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Question: What about my hobbies and sports?

Answer: Lots of young people are involved in sports and/or have hobbies and interests that they like to pursue in their spare time. If you would like to continue with a hobby, begin a new interest or join a club or sports team, speak to your carer and Social Worker about it. They may be able to help you find a local club and/or help with necessary travel arrangements and costs.

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Question: What happens if I move placement?

Answer: It is not always possible for young people to stay in the same Residential Unit or foster home throughout the time they are looked after. If it becomes necessary for you to move home, your Social Worker will talk to you about it and ask what you want to happen. You will be involved with the arrangements and will know about the move before it happens, unless there is an emergency. This will mean that you will have time to get used to the idea and tell your friends about the plans. Your belongings will be moved in appropriate bags / containers. They will NOT be moved in bin liners as this is unacceptable.

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Question: How long will I be 'Looked After'?

Answer: Wherever possible we will work hard for you to go home but we must be sure that this is right and safe for you. Your views are important and you will be involved in deciding what is best for you. There will be meetings to plan for your future. These are your meetings and we will do everything we can to help you have a say.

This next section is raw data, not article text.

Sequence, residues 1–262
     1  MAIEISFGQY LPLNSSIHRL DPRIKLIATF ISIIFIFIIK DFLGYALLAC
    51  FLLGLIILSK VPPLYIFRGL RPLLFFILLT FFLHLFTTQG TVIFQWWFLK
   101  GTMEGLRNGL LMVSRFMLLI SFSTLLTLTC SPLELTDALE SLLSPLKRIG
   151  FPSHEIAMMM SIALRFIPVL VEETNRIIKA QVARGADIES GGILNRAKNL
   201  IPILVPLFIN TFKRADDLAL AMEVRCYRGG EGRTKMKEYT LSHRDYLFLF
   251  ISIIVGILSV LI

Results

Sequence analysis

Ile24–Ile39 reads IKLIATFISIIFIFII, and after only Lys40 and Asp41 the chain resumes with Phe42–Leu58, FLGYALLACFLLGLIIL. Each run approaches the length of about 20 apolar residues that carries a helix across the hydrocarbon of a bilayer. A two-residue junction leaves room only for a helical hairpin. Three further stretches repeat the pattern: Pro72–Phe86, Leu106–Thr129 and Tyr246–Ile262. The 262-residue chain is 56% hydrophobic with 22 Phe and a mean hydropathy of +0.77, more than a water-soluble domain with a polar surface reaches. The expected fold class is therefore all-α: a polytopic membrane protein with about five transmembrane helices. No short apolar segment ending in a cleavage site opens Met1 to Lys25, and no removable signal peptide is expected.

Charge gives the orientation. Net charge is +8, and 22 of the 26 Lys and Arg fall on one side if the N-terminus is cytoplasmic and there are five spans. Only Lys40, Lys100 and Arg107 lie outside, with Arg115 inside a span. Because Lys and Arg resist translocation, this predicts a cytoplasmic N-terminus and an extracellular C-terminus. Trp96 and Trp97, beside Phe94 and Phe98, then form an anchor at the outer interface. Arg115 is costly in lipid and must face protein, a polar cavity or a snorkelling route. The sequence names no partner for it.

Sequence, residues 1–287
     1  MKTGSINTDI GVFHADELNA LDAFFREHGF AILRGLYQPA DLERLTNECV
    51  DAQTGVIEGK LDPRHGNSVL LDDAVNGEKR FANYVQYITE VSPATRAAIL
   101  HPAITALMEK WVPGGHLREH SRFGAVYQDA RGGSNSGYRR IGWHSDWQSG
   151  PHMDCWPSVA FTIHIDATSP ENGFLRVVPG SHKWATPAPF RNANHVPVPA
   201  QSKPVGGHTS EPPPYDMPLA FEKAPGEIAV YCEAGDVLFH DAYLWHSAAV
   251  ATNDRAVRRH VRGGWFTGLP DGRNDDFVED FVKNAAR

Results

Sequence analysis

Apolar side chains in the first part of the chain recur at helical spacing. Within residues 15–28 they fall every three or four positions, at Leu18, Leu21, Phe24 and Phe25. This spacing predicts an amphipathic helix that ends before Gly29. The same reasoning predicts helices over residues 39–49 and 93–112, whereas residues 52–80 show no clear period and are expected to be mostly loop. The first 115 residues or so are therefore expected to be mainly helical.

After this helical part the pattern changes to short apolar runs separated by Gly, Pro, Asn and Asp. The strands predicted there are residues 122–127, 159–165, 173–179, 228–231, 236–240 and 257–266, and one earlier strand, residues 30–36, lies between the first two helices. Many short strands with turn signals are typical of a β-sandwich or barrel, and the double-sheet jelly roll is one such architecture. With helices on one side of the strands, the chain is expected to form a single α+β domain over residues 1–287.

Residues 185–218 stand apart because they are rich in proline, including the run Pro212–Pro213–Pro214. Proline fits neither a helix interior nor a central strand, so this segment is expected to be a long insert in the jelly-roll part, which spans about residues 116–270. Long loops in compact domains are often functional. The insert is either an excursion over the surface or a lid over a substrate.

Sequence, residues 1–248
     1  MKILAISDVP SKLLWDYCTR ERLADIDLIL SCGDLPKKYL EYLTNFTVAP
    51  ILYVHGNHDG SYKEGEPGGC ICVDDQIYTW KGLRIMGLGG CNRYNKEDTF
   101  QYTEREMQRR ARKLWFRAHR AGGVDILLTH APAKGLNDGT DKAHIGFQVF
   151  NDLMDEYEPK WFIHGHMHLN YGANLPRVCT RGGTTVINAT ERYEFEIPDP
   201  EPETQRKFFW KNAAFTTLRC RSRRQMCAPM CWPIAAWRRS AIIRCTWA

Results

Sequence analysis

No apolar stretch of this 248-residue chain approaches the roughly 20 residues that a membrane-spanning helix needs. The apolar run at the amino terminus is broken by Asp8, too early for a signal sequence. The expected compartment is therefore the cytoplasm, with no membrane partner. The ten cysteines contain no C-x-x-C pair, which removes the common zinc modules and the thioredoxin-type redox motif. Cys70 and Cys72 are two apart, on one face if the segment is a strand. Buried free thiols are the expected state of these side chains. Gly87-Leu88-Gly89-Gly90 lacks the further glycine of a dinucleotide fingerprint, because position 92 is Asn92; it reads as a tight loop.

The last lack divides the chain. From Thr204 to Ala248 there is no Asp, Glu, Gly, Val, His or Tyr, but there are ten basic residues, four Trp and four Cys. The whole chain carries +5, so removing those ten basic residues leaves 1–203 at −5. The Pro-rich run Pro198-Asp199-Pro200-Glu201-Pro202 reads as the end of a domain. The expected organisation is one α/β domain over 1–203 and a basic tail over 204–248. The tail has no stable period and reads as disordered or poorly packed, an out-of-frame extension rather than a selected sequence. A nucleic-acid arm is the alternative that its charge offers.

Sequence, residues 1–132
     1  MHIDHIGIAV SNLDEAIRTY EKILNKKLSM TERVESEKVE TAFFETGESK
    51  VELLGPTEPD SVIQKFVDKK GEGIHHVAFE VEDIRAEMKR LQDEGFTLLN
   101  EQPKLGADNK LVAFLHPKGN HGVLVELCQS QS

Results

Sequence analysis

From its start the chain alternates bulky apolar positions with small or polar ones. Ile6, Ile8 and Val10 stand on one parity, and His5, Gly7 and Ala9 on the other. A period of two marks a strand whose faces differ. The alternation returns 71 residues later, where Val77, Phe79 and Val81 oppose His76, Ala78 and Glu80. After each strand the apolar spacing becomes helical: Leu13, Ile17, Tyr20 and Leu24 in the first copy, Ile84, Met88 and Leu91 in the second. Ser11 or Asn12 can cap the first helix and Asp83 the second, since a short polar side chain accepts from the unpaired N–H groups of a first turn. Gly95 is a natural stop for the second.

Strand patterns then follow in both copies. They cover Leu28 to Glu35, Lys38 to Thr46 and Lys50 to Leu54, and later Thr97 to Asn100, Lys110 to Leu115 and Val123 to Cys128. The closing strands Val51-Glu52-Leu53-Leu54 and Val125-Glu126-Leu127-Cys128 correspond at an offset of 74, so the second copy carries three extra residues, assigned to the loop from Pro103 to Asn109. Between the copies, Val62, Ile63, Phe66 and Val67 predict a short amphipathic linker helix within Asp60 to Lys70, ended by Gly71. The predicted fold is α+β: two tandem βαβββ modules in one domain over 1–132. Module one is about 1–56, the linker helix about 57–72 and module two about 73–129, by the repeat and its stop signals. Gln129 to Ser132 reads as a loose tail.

These are some of the sorts of plans we make for children and young people:

To be looked after for a series of short breaks

To be looked after for a short time with a plan for you to go back home to your parents or other family members

To be looked after on a long-term basis either with foster carers, kinship carers or in a residential placement

To be adopted by a family who will become your legal parents.

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Question: Why do I need to be 'Looked After' by Children's Services?

Answer: There are lots of different reasons why children and young people become looked after. Your social worker should explain to you why you need to be looked after and can answer any questions you have about this.

Sometimes a court makes a decision about where a child or young person lives. If this has happened to you, this is called a ‘care order’. Other children and young people become looked after with the agreement of their parents. This is called ‘being accommodated’.